So, that was my unspoken plan when my cellphone rang.
“Hi back” I said.
Busted! Good God, am I that transparent?
Now that I was stripped bare (and not in the good way), I had to say something. As all guys know, when a woman says “Nothing,” it doesn’t mean everything’s OK; actually, it means there’s a huge problem.
So, I came clean, kinda: “Well, I was upset by something you did and I’ve struggled all day wondering if I should say something to you and if I was going to say something, how I was going to say it to you without sounding like I was crazy or insecure because it’s the kind of thing that could be misconstrued as
something crazy or insecure but I have feelings about it so I’m not sure how to ask you this.”
There was silence on the other end of the phone, a long, deep silent silence, one that made my heart pound like I’d had a triple espresso — intravenously — and my head hurt as if I were surviving on two hours of sleep after a night of mixing cheap red wine with bad vodka at a heavy metal concert.
After what felt like an hour had passed, he finally spoke.
“What are you talking about?”
I detected a slight annoyance.
Beyond that, well, it was a good question; what was I talking about indeed? But, even if I’d figured out just what was behind the “thing” and decided, yeah, this was a fundamental disconnect that we needed to address, I know in my heart that that’s just not the way to talk about it with Sean, or any man for that matter.
And, so instead of an exploratory questioning of whether my feelings were valid or not, we were facing a potential relationship “crisis.”
Not to stereotype, but guys really need to have the issue presented before them ASAP — spotlighted, highlighted, underlined and frontloaded. In other words, get to the friggin’ point. Now.
Not us women, however. If you lay it all out on the line without first setting the mood and making us feel secure and loved, then whatever the issue is, no matter how small, it’s going to take over our thoughts, dietary choices and girls’ night conversations. In other words, we will obsess.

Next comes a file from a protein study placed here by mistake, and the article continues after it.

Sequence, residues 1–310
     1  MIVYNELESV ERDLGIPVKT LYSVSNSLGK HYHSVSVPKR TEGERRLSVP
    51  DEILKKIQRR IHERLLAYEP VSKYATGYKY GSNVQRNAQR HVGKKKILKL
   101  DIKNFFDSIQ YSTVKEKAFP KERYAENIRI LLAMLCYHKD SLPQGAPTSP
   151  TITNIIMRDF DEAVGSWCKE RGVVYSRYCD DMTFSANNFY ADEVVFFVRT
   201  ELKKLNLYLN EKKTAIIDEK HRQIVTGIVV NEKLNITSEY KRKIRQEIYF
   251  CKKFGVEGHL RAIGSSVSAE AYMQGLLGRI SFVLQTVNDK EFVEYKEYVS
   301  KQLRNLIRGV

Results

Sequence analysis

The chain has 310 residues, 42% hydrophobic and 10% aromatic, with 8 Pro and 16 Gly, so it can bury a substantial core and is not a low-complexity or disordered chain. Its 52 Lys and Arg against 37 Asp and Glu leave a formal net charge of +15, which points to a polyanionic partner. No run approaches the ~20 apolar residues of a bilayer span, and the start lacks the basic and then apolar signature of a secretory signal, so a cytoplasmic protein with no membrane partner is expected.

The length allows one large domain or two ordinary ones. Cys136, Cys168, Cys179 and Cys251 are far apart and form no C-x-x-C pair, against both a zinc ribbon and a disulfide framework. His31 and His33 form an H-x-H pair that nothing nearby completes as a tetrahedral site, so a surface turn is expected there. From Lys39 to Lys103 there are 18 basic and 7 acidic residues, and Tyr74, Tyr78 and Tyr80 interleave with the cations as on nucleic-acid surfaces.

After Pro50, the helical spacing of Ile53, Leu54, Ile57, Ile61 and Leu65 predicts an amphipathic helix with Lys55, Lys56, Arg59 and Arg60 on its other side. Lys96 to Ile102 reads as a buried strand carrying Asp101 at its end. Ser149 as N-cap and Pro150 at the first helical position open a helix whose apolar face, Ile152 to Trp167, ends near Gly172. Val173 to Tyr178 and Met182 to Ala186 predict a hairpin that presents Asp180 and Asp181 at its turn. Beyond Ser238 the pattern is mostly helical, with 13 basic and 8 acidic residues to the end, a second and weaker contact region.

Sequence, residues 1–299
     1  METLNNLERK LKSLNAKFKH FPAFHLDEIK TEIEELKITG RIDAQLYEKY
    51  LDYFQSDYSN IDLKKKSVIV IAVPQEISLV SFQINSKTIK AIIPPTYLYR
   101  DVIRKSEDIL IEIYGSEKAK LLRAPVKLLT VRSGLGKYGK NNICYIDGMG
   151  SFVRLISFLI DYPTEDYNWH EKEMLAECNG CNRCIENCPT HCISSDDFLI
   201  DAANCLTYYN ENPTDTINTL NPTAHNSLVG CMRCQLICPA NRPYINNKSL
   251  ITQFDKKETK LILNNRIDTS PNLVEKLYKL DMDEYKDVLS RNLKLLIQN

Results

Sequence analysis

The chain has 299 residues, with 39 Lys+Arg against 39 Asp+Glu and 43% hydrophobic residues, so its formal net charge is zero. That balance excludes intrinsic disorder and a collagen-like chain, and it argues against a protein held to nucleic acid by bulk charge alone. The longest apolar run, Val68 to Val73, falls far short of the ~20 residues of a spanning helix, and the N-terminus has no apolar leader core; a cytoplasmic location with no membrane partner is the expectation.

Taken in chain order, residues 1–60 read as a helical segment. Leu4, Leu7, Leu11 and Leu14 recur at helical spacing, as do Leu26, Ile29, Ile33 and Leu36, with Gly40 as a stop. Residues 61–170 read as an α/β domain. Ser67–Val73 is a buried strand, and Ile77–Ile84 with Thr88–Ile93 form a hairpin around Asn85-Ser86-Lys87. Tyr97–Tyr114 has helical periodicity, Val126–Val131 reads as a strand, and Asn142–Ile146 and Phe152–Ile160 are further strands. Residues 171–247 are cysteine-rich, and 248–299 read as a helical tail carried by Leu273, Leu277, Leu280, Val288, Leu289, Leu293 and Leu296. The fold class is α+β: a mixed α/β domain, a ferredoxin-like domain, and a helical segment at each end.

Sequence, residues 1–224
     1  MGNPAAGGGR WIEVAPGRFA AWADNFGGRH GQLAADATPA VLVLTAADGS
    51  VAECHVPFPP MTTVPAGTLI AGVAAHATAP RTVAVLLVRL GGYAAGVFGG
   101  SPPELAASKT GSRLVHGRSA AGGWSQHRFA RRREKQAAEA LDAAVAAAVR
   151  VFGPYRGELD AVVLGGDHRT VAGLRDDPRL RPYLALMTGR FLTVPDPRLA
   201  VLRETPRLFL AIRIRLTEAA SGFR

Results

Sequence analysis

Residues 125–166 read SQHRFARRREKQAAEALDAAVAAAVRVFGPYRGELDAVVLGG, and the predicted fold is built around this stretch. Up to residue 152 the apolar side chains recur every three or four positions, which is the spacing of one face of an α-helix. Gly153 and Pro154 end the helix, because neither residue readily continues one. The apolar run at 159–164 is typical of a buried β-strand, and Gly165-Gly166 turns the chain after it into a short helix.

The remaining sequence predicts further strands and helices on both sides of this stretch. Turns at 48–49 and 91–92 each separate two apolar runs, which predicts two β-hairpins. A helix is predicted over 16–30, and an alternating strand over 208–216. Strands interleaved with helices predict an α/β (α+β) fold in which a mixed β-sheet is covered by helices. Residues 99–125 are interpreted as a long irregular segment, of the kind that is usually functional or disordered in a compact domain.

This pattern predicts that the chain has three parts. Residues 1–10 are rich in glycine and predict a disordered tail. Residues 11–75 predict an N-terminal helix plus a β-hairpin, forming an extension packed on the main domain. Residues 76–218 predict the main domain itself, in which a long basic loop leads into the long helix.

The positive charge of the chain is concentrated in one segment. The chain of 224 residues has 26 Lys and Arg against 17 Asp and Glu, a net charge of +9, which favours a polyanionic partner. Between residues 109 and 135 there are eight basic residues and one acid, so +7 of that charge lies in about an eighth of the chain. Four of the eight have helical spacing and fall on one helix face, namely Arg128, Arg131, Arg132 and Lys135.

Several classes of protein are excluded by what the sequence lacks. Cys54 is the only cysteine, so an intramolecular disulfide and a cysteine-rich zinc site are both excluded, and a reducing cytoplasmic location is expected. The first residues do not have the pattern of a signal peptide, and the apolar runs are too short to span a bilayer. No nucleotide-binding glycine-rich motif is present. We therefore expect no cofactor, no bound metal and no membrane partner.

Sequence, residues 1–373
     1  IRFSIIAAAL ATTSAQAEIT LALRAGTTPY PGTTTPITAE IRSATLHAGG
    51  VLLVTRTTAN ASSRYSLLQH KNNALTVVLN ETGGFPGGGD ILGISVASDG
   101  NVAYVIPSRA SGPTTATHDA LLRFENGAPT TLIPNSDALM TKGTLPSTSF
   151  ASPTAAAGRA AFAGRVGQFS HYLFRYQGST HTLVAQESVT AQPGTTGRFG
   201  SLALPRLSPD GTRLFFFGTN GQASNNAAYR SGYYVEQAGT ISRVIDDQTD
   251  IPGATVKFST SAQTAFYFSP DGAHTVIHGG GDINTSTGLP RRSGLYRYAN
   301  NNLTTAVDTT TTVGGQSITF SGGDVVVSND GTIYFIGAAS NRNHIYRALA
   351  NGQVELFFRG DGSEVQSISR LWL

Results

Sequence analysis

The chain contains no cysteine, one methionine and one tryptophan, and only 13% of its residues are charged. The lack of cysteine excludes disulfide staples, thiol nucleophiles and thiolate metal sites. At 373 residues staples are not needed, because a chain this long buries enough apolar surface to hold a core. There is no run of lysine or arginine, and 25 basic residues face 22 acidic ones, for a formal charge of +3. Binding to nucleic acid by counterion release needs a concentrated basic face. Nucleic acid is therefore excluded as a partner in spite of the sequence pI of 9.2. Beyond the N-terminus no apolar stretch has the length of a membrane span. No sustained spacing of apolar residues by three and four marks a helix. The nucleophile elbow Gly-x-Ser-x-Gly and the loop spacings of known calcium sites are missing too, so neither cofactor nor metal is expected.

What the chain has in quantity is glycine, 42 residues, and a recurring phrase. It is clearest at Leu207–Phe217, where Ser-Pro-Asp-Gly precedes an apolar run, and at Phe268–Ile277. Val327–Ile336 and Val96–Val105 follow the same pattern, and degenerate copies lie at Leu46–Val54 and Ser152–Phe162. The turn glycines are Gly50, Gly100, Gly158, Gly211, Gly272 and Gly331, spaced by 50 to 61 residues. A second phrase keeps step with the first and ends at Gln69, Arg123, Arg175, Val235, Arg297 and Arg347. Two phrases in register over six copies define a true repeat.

OK, I’m making generalities, but still.
Yet, I get confused. My kid tells me all the time that I’m guilty of wasting his precious teenage minutes by going on and on with unnecessary back story, irrelevant ramblings and nagging monologues. But if I cut to the quick — “Make your bed!” — then he sees it as being disrespectful.
Sean, too. When I’ve come right out and said something that upset or bothered me, he’ll sometimes get defensive, which of course shuts down any hope of open-minded listening and thus communication. Even when I’ve started with the oft-lauded “I” word. I felt bad when …
I don’t think we can take for granted how our partner needs to have a “talk” just because of his or her gender. We just might have to ask — how would you like me to talk to you about something that’s an “issue”?
Of course, I did ask Sean exactly that once. As usual, he was honest.
“I’d rather you didn’t.”
Well, that’s one way to deal with it!
- Guys, do you really want us to get to the point, and then be done with it?
- Gals, do you want the same, or do you need your partner to make you feel secure first?
- How much of relationship talk is much ado about nothing?
More “talky” stuff:
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I was late, standing in line during my lunch hour to return a shirt The Kid spent about a half-second glancing at before making the most horribly disgusted look I’d ever see on his face, when the 6-year-old in front of me starting acting up.
“Please, Mommy. Please!” she cried as she waved a pink-boxed doll in her mother’s direction.
“I WANT IT!” she screamed, and then took the box and smashed it into her mom’s leg.